Council terminates accounting employees, re-hires Nordwall as EDTO
BY BRITTNEY BENNETT
TAHLEQUAH - During its Jan. 5 meeting, the United Keetoowah Band of Cherokee Indians Tribal Council terminated two of its accounting employees and re-hired Sean Nordwall as the tribe’s executive director of tribal operations.
The meeting, which followed the swearing-in of four new tribal councilors and five incumbents, first focused on the tribe’s incomplete fiscal year 2017 single audit and its effect on the UKB Housing Department amid the U.S. Government shutdown.
“I just wanted to let the council know that the Housing Department has suffered from the government shutdown,” said Charles Deason, UKB assistant housing director. “There is over $2 million dollars in our E LOCS account that we can draw from, but it is currently in ‘restricted’ status with HUD (U.S. Department of Housing and Urban Development). The reason we are in restricted status is because of the lack of an audit. Now the only way we can do a draw down is to submit documentation and someone at HUD has to be there to physically approve that drawing.”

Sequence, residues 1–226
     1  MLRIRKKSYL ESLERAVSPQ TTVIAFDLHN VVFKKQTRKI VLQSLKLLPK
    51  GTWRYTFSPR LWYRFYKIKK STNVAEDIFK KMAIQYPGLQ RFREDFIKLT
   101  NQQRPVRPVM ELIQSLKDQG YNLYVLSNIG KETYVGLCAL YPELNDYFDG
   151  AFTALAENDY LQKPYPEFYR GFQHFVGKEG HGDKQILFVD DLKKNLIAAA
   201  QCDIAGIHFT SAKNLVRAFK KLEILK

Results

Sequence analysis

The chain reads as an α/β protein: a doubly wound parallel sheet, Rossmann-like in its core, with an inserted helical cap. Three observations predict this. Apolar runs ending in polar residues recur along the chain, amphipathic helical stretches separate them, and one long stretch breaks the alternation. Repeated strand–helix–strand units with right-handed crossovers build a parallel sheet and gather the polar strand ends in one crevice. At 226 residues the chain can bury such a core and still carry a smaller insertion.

Deason emphasized that since HUD employees are part of the shutdown and cannot verify Housing requests for funds, the department would have to suspend all housing programs and services until further notice. Housing employees have also been placed on furlough as of Jan. 7.
The announcement prompted councilors to question why the single audit, which was first approved after firm Eide Bailly won a bidding process in March 2018, had yet to be completed.
Assistant Chief Jamie Thompson said he believed the audit was incomplete because of the tribe’s Accounting Department.
“All the paperwork is supposed to be put together by June 30 and submitted and be approved by September 30 when the new fiscal year starts. It’s the submission of all the stuff that the auditing company is asking for from our tribe, that’s what’s holding it up,” he said. “(Eide Bailly) had been requesting information to complete the audit and they weren’t receiving it.”
Further council discussion determined that Accounting was under the direction of Chief Joe Bunch and Secretary Joyce Fourkiller, with Delaware Councilor Adalene Smith accusing Bunch of failing to “push” accounting employees to provide the needed information.